Steamer isn’t as optimistic about Greene as some other top prospects, pegging him for a 109 wRC+. That said, you’ll gladly take an above-average hitter, especially when it comes with a fine average, power, and speed. Greene is the 83rd outfielder being taken in drafts at the moment, but he’d likely halve that number if there is more buzz about him being the everyday center fielder. The Tigers already appear tempted to slot him in there, and dis-incentivizing service time manipulation could be the final straw Greene needs to get his chance. If so, expect his stock to boom in a major way.

 

RHP Hunter Greene, Cincinnati Reds

 

Sticking with the Greenes, Hunter Greene also stands out as a prospect who could make his way on the Opening Day roster with some noticeable changes in the next CBA. It doesn’t seem that long ago that Greene was the consensus top prospect in the 2017 draft as a high-school athlete able to throw over 100 mph, but that was over four years ago!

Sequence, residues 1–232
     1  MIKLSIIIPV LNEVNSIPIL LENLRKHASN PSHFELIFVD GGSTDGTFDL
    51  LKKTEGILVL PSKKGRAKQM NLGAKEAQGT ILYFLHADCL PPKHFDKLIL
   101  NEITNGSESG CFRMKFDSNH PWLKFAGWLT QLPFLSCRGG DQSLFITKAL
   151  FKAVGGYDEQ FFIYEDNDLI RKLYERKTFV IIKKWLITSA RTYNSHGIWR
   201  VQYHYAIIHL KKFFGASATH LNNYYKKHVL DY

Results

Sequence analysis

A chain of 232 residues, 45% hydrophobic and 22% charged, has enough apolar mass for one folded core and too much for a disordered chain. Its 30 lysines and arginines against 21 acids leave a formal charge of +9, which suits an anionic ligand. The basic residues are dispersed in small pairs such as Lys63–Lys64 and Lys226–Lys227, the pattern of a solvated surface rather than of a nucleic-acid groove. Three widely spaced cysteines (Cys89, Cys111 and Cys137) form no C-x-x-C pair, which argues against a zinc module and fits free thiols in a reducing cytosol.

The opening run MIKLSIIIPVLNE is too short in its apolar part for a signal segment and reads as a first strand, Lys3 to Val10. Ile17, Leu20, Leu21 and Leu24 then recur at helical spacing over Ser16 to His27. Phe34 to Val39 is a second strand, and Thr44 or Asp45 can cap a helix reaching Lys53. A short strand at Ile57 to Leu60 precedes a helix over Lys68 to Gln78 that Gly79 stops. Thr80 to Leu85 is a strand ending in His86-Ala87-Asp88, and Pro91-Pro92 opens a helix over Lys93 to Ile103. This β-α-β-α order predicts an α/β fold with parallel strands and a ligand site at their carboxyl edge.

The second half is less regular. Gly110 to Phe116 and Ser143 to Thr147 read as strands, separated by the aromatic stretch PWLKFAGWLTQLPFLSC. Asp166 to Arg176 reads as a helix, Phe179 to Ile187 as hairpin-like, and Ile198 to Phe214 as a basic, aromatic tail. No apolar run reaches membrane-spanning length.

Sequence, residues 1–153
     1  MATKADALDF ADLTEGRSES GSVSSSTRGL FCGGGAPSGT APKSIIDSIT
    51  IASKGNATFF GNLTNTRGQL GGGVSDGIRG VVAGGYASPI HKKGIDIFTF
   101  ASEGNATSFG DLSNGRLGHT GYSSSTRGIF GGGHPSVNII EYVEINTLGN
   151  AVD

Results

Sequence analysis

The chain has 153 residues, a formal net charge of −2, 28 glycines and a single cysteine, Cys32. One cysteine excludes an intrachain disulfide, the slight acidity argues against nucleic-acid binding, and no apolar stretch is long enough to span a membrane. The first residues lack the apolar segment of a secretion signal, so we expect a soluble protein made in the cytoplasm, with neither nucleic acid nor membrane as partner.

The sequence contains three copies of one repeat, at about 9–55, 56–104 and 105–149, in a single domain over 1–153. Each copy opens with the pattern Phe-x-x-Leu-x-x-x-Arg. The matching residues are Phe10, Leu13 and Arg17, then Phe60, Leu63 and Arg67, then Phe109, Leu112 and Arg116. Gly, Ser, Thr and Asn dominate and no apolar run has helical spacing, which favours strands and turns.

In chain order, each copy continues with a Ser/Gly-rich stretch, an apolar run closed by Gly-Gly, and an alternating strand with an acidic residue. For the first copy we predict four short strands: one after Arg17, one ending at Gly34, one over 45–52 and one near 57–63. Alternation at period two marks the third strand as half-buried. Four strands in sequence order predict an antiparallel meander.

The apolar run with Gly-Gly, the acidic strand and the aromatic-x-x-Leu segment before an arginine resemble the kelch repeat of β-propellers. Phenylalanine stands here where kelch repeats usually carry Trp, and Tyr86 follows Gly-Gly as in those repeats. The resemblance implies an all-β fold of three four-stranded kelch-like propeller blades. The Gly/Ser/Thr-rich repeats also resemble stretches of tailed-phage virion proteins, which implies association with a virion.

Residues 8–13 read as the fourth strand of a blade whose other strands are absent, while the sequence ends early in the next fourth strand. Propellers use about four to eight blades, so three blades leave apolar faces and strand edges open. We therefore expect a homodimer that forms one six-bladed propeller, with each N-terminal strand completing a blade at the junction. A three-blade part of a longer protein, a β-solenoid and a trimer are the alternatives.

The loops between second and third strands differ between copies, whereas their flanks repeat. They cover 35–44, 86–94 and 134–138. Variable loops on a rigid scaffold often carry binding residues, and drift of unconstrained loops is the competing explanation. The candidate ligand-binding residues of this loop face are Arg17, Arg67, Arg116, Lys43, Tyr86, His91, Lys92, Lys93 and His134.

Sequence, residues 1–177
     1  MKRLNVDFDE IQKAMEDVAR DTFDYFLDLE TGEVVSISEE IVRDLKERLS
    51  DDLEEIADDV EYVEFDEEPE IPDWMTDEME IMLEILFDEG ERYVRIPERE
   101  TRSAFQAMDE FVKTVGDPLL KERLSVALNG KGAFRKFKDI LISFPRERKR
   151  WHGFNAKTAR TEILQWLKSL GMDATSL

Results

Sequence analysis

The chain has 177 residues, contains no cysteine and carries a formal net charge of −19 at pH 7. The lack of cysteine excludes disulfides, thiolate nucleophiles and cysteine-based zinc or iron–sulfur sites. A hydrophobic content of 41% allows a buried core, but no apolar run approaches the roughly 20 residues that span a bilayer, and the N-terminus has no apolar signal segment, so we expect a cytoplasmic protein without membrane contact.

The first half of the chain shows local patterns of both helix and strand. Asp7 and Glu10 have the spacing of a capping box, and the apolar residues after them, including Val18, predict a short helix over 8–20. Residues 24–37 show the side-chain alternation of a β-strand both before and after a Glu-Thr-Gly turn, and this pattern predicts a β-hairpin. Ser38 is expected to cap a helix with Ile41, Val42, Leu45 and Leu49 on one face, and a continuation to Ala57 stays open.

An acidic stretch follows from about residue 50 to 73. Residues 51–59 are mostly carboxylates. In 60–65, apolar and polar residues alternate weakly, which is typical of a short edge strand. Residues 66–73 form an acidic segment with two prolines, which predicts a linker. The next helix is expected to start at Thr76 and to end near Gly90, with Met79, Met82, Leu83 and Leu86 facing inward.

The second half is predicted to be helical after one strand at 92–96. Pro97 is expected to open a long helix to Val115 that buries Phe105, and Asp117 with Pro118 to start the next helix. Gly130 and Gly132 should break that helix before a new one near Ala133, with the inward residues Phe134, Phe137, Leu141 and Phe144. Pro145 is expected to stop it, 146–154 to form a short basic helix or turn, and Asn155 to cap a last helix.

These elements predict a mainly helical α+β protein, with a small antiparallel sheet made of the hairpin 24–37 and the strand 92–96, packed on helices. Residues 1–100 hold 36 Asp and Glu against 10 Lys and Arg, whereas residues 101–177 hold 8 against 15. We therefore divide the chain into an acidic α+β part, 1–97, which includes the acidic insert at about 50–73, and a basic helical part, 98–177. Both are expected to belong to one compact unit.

That’s right: Injuries have certainly impacted Greene, who has already undergone Tommy John surgery, but he was able to pitch 106.1 innings between Double-A and Triple-A in 2021. Considering he is still only 21 years old, his development certainly remains on schedule.

That’s even truer when you take into account Greene’s production in the minors last year. In those 106.1 innings, he posted a 31.7% strikeout rate and a 22.8% K-BB ratio. With a triple-digits fastball and a three-pitch mix with his slider and changeup, there are no doubts that he should be able to miss bats at a high level in the majors.